The Raia Mutomboki are perhaps the largest armed group in the eastern Congo, in terms of territory they control. Over the past two years they have managed to flush the Rwandan FDLR rebels out of vast areas, even forcing them to abandon their headquarters of many years in southern Masisi. And yet, the Raia Mutomboki are also one of the most ramshackle, fragmented, and ill-disciplined armed groups.
The Usalama Project’s sixth report on this phenomenon can be found here.
So what is so special about the Raia Mutomboki (“Outraged Citizens”)? The group is a franchise built around an idea––defending the local population against predation, especially by the FDLR––not a single organization. The movement began in the jungles of Shabunda in 2005, then went dormant for several years only to reappear in 2011, then spreading into Walikale, Masisi, Kalehe and Mwenga territories. While there are four main RM factions––and now even more, as the Sisawa-Ngandu-Meshe group has succumbed to internecine fighting in recent days––all of them use a variety of dawa (a magical potion), were born out of popular anger against the FDLR, and are known for their ruthless attacks against FDLR and their dependents (often more the latter than the former).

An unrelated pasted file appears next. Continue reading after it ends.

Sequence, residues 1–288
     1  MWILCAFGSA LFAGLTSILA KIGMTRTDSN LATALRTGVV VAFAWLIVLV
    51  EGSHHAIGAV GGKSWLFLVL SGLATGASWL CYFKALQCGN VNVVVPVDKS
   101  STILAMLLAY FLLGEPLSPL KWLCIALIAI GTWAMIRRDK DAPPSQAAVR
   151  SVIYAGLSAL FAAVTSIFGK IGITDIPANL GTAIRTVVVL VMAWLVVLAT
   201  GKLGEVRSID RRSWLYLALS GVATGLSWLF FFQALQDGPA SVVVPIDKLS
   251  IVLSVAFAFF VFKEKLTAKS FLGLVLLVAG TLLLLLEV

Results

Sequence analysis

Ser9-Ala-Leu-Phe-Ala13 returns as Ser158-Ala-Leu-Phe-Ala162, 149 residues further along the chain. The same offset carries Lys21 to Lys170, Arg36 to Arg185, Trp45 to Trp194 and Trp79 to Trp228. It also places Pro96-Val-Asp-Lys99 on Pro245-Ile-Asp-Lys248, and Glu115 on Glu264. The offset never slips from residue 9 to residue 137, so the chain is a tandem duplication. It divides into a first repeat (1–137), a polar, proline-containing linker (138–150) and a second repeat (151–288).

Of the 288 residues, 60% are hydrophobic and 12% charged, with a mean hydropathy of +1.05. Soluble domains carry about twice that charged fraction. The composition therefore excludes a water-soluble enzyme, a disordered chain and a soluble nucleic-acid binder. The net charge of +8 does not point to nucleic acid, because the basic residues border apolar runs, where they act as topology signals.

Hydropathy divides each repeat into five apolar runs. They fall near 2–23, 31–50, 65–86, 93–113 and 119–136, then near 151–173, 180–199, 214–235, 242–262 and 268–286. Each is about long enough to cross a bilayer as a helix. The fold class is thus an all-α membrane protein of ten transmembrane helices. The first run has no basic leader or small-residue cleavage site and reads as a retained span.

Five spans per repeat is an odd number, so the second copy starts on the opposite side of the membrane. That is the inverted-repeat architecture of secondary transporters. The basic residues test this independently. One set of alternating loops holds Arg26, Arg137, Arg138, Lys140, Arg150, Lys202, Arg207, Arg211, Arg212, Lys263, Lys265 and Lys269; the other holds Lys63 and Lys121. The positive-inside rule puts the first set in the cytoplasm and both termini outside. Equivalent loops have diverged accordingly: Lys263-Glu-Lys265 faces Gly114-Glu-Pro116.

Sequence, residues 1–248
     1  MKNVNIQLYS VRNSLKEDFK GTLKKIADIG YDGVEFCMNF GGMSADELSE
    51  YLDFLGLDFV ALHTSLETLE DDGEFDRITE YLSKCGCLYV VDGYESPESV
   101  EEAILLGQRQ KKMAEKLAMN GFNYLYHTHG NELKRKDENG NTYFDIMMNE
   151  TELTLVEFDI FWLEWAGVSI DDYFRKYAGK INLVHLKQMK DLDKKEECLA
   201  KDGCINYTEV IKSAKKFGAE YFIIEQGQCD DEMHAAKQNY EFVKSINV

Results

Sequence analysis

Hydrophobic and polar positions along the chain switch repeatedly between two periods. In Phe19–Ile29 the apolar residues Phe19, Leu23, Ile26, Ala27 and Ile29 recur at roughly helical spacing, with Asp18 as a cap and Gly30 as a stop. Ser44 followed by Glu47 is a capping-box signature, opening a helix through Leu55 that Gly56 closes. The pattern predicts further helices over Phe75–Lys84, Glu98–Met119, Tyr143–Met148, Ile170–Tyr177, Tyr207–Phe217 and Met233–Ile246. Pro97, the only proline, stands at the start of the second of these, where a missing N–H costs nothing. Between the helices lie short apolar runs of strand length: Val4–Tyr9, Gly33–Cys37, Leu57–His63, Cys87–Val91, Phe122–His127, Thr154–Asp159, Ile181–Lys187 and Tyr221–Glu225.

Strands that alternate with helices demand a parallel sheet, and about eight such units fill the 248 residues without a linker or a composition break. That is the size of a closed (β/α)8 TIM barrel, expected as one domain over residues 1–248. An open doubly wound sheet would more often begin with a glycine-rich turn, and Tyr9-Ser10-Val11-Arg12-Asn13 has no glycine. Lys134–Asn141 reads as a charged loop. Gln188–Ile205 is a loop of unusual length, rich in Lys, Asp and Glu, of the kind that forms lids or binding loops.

But perhaps most importantly, the RM are a product of flawed peace processes. In 2005, the first tentative appearance took place in southern Shabunda, as Mai-Mai left the area to join army integration, giving the FDLR unfettered access to the lucrative mines around Kalole, where the witchdoctor Jean Musumbu created the first RM group.
But the group never would have reached out of its jungle backwater if it hadn’t been for another, more notorious peace process: the 2009 integration of the CNDP, a deal that was only possible because Rwanda and the Congo agreed to gang up against the FDLR. While the deal was heralded by many diplomats, it caused a humanitarian catastrophe as Congolese civilians were caught up messy counterinsurgency operations. This was the main precursor to the explosion of the RM.
Ironically, it was an initiative that was intended as a corrective to the CNDP integration, which had given the former rebels disproportionate control of operations in the Kivus, that rekindled the RM. The regimentation exercise, which was supposed to streamline army units and counter CNDP networks, drew soldiers out of large areas of the Kivus to army camps, leaving the population at the mercy of FDLR, especially in remote Shabunda. It was particularly in mining areas in Shabunda where violence erupted, as the FDLR tried to violently impose their authority.
In response, the RM formed, first in Shabunda, and then spreading like wildfire into Kalehe and Masisi as their fame and success became known.
Much more can be found in the report. Below is a map of the main RM groups as of January this year. The situation has already changed, however, as the former Kifuafua now deny ever having been RM, the Bunyakiri group has increasingly split away from the Shabunda faction, and the northeastern Shabunda group is a big mess.